POINT PLEASANT — The third annual Peck Fest returned last weekend and saw “record breaking” crowds, according to festival founder and organizer, Garry Peck.
Friday night saw headliner Tracy Lawrence and Saturday saw Aaron Lewis close out the festival.
Held at Peck’s Kanawha River Campground, there were 75 tent camping sites which filled up and Peck nearly ran out of room for the campers which showed up for the two-day event of concerts along the river. There were festival goers from not only the tri-county area but from Alabama, Texas, Pennsylvania and New York who traveled to the event. All those people brought their money into Mason County and the surrounding area, not just to the festival, but to places to buy fuel, food, supplies and at hotels, Peck supposed.
Though Peck had been working hard to bring in a crowd, even he was surprised at this year’s attendance.
“I was surprised at all the people…we had several gate sales and walk-ins,” he said, adding it looked like a small town had formed on the campground and under the many tents in the field where the festival took place. In addition to more people, there were more things for those people to do this year, including more vendors and activities, more sponsors, and large video screens on both sides of the stage.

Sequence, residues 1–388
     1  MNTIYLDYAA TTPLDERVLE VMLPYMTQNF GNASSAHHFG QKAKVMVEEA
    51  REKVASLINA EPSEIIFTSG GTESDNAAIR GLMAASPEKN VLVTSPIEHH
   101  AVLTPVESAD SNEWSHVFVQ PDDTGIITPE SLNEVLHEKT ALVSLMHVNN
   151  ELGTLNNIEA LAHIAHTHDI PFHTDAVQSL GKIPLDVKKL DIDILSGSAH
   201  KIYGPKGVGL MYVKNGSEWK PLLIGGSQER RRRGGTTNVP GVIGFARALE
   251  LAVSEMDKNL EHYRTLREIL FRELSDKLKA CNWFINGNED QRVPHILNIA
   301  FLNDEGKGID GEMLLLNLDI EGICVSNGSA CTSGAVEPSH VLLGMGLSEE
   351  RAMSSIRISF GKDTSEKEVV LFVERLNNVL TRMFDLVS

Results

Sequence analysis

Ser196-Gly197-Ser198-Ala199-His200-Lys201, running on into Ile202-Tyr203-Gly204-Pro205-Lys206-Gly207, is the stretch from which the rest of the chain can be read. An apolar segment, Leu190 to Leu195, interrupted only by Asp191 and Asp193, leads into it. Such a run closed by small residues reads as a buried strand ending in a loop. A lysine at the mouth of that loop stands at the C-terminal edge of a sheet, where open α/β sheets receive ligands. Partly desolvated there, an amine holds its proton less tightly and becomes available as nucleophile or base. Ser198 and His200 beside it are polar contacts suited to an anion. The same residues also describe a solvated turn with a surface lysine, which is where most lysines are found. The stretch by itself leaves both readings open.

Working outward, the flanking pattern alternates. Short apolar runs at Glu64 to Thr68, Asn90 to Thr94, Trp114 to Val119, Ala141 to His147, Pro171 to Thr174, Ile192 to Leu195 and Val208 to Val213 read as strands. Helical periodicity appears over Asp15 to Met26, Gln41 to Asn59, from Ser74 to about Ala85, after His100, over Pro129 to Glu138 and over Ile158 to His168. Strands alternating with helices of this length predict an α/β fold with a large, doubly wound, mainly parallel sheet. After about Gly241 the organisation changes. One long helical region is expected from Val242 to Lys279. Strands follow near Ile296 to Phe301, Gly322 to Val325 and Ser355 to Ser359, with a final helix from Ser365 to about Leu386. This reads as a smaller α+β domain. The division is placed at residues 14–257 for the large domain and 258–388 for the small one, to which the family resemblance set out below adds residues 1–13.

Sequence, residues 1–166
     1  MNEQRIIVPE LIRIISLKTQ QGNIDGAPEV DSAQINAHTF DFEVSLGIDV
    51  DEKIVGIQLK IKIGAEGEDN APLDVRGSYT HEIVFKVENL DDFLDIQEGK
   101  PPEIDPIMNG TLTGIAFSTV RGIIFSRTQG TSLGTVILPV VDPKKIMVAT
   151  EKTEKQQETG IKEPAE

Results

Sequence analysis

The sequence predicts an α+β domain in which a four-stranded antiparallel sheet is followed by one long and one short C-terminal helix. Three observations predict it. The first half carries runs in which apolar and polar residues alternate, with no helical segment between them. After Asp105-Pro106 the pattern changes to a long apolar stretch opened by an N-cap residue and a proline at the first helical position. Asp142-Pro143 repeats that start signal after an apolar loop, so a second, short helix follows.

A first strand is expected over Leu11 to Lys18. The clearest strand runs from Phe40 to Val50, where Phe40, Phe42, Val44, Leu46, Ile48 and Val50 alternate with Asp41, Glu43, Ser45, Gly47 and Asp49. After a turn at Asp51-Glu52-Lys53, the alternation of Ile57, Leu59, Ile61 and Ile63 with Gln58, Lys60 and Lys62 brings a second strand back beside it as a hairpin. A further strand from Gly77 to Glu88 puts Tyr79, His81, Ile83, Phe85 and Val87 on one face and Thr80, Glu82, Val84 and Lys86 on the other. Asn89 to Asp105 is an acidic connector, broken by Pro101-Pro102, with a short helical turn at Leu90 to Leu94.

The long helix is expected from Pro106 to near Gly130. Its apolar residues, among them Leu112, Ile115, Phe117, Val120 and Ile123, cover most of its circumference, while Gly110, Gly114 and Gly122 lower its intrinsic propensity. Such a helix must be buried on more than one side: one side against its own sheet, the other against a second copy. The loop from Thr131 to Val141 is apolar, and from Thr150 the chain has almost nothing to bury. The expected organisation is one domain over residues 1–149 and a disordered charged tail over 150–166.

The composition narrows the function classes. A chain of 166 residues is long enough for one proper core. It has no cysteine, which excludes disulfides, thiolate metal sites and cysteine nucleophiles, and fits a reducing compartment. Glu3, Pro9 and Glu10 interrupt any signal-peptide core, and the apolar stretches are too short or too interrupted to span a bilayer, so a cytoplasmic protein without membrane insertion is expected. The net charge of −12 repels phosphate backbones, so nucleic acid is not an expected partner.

Though he was pleasantly surprised at the turnout, Peck did prepare for it by working with the Peck Fest Committee as well as Mason County EMS, EMA and 911 personnel, as well as the Mason County Sheriff’s Department and even the U.S. Coast Guard, to keep everyone safe.
“I want to thank all of them,” Peck said.
Peck and his wife Karrie were even recognized by Rick Modesitt Associates (RMA), a concert booking company, with a “star guitar” autographed by all this weekend’s performers for a successful festival.
Garry said the surprise gift, presented by RMA representative Jacob Hill, meant a lot to him and he appreciated the “pat on the back” and recognition for what Peck Fest has been trying to accomplish the last few years.
And, there will be a next year.
“Yeah, I’m bringing it back next year….there’s too many people looking forward to it,” Garry said, saying he’s already gotten requests for reservations in 2018. “It’s game on.”
Garry said the festival next year will be bigger and better and continue to grow. Of course, the festival doesn’t just benefit, so do local organizations. Some proceeds from the festival go back into community organizations determined by the festival committee. A successful festival is good for the community.
“There’s no other place around here where you can camp, you’ve got the river for boats and you have concerts…it’s the whole package,” Garry said.
Beth Sergent is editor of Ohio Valley Publishing, email her at email@example.com.